During the early and mid nineties violent crime within the city limits of Baltimore and Washington reached unprecedented critical levels. In 1990 there were 474 murders in D.C., which led to the capital city taking on the notorious title of our nation’s murder capital as well. One year later a record 479 homicides were documented. Thirty miles north Baltimore was experiencing the same type of violent crime spike, with a record 353 murders taking place in 1993. Those who have studied crime in the early 90’s have often attributed the murder spike to the proliferation of crack cocaine as a big business street drug. With the lucrative business came turf wars between well-funded and well-armed gangs, who would kill for much less than preserving their profitable racket.
As law enforcement became more sophisticated and local governments began focusing on cracking down on the crack epidemic, these two troubled cities witnessed a dramatic decrease in their murder rates. By 2011 there were 196 murders in Baltimore, and in 2012 there were 92 total murders in Washington, which was the lowest total since the early 1960’s. These numbers, although nothing to be proud of, have remained fairly consistent over the past decade until last year, when troubling data came from both cities. Baltimore reported a staggering 344 homicides in 2015, which factoring in the city’s population decrease actually translated into a higher per capita murder rate than the record year of 1993. This was a 63 percent increase from 2014, and Washington wasn’t much better after reporting a 51 percent jump in homicides from 2014 to 2015. These increases were so significant that they almost single handedly caused the national murder rate to spike 13.3 percent last year. Chicago is also partially responsible, but their rate increased by a much lower 13 percent.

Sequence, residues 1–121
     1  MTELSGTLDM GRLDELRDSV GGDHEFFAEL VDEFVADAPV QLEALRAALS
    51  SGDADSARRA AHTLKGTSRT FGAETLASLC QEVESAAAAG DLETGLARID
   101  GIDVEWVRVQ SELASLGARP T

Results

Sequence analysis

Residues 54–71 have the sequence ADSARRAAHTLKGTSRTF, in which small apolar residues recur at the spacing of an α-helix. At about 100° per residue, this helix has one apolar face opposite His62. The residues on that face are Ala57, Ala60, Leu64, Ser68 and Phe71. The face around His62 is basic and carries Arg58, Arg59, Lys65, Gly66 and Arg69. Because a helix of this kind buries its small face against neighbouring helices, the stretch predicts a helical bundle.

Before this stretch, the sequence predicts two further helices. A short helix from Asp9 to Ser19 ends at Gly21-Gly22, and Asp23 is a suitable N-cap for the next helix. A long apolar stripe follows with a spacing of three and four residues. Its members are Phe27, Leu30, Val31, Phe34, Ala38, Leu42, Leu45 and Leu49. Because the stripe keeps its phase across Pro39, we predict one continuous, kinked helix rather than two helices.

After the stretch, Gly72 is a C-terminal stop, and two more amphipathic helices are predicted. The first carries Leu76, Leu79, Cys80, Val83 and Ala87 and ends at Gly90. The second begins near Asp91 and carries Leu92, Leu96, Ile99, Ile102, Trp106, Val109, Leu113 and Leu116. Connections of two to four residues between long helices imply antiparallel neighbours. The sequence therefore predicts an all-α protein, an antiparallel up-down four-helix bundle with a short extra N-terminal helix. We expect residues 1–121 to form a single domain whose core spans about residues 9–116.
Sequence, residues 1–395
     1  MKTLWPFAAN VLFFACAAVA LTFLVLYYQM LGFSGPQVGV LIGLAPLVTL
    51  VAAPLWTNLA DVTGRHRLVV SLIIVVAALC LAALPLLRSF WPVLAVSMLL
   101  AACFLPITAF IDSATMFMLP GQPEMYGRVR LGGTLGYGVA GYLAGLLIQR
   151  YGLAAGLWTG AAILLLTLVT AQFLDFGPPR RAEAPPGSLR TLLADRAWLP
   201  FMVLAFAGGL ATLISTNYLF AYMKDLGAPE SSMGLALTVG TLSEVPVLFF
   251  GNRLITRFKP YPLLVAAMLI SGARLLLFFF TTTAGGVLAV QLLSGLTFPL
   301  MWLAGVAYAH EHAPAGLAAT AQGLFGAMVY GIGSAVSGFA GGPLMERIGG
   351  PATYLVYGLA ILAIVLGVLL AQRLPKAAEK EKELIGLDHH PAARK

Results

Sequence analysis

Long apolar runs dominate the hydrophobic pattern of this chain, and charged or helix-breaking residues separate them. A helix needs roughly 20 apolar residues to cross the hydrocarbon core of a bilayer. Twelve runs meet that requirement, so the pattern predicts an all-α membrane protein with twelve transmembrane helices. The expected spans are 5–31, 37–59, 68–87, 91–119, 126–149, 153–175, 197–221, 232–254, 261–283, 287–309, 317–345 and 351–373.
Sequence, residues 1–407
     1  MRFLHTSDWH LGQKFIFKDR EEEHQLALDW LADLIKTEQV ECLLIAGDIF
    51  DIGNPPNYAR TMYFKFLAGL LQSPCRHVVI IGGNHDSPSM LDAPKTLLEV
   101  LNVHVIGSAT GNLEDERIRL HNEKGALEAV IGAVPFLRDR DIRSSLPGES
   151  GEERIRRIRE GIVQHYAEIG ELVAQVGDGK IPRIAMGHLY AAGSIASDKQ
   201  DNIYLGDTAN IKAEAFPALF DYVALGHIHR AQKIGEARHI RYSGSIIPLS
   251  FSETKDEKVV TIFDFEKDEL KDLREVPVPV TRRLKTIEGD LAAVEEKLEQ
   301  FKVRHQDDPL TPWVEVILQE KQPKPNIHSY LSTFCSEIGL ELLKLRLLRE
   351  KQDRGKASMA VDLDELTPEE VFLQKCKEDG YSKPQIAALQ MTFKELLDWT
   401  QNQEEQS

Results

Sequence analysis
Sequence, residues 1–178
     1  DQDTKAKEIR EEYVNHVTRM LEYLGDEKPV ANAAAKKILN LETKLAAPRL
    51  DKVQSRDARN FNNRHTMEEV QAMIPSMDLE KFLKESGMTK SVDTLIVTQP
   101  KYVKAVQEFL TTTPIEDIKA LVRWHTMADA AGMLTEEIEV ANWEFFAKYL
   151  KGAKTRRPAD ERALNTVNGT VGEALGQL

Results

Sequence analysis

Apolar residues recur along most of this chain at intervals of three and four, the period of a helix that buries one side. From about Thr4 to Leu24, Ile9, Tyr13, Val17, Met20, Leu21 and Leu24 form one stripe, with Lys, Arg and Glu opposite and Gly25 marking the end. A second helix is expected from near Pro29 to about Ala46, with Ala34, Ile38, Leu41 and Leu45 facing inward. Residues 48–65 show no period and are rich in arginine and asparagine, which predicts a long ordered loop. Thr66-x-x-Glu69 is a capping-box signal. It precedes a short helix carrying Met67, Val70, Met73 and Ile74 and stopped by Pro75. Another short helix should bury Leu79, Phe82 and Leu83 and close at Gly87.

It is almost impossible to pinpoint an exact cause for the rise in murders and other violent crimes. In Baltimore though at least some of the spike can be attributed to the unsettled atmosphere following the spring riots, which also led to some western district police precincts decreasing their normal crime fighting tactics and deliberately becoming less of a presence. The spike in Washington is more of an enigma, though the some of the same factors could have contributed to the violence in D.C. Urban police officers in the entire country were undoubtedly hesitant to be proactive while on duty last spring and summer, as the whole world was watching with a microscope.
So far this year there does not seem to be much hope for reversing the murder spike in Baltimore, as there have already been 56 homicides in the first three months of 2016 (there were 51 last year from January to March). This past week was especially violent with 12 gun related killings, and multiple injuries from city shootings. The Blog will continue to report on this alarming trend, with the hopes of a post with better news over the summer. Benjamin Herbst is a Baltimore criminal defense attorney who specializes in handgun offenses and representing those charged with violent crimes such as robbery and murder. Contact Benjamin today for a free consultation about your case.
Are homicides up? A look at Baltimore crime numbers to start 2016, baltimoresun.com.